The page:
Suppressing information about COVID-19 rather than disseminating information to the public about the disease has been a pattern for the current Awami League government, led by Prime Minister Sheikh Hasina. Any information that embarrasses her government is being discredited as a “rumor.”

Citizens’ discontent is growing; so is the government’s oppression of critical voices.

At least three government officials, two college teachers, and a doctor were stripped of their responsibilities after criticizing the government handling of the COVID-19 crisis on social media.

Due to ongoing endemic corruption in the government apparatus, the doctors were supplied with low-quality personal protective equipment (PPE).

Many doctors and nurses are unhappy about this. At least 170 doctors and 130 other health workers have been infected with COVID-19 so far. A local English newspaper, the Daily Star, reported that the percentage of infection among medical staff in Bangladesh is higher than in some countries badly hit by the pandemic.

A doctor seeking anonymity told the daily that “doctors have serious doubts about the quality of PPEs, especially masks, provided by the authorities concerned.”

However, they can’t raise their voices as doctors were intimidated and show-caused for speaking out. Reports from the ground say agents from intelligence agencies are visiting hospitals to intimidate authorities and directing healthcare professionals not to talk to the media.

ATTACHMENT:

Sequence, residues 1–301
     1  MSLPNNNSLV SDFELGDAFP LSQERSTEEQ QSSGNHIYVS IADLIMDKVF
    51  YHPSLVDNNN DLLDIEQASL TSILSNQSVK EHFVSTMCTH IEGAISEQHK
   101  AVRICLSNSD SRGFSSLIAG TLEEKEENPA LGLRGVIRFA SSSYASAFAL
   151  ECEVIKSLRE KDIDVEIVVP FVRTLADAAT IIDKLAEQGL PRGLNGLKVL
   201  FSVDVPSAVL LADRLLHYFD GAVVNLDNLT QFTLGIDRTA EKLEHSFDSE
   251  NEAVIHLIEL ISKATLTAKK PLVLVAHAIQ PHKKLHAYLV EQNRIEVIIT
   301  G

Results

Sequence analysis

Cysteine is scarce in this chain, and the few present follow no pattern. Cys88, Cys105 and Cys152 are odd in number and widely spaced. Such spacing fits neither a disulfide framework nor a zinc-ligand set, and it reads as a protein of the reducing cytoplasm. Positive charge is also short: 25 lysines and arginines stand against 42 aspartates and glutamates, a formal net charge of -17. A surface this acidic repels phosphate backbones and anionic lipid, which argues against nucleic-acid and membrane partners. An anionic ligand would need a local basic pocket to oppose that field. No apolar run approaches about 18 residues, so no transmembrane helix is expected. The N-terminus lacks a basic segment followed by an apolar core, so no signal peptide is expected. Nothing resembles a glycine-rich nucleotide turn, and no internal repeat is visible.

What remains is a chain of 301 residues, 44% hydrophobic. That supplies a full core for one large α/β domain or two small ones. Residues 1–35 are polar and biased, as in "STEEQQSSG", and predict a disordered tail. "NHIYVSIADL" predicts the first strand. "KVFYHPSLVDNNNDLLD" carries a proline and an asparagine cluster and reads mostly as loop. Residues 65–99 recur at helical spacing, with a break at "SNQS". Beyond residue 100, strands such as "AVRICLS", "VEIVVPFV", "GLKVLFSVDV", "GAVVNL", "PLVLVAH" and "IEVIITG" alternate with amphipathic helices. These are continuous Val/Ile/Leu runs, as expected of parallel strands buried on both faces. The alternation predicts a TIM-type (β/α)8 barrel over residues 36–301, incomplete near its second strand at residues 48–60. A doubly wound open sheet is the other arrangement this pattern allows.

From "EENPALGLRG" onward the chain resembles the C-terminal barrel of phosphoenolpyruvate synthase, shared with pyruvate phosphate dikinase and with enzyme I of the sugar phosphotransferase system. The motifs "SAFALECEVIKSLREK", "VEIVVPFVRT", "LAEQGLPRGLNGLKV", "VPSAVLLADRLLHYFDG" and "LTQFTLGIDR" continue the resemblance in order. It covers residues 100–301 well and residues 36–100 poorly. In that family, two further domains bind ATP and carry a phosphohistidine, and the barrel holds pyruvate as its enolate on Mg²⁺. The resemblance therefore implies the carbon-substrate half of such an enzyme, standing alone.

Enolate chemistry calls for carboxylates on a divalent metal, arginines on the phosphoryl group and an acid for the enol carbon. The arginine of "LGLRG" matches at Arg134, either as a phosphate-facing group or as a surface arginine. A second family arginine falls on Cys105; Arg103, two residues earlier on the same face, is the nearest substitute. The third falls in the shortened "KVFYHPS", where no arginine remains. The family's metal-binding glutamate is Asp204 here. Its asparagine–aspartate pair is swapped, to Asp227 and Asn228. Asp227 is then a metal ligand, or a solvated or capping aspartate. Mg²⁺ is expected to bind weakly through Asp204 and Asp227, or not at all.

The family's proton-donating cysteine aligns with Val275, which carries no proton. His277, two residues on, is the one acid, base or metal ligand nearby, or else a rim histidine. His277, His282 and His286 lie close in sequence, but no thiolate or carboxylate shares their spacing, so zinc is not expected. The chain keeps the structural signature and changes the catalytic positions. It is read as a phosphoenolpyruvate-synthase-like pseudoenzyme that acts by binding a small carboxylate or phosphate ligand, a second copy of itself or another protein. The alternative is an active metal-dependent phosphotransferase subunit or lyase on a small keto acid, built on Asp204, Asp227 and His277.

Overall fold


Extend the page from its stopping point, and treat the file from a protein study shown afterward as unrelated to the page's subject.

In a recent report, Human Rights Watch observed that “since mid-March 2020, the authorities have arrested at least a dozen people, including a doctor, opposition activists, and students, for their comments about coronavirus, most of them under the draconian Digital Security Act.”

Amnesty International noted: “The Digital Security Act criminalizes many forms of freedom of expression and imposes hefty fines and prison sentences for legitimate forms of dissent. It is incompatible with international law and standards and should be amended immediately.”

The government even tried to install 15 government officials as monitors at Bangladeshi private television channels to see if those channels “were running any propaganda or rumors about the novel coronavirus outbreak.” However, amid an outcry, the plan was scrapped.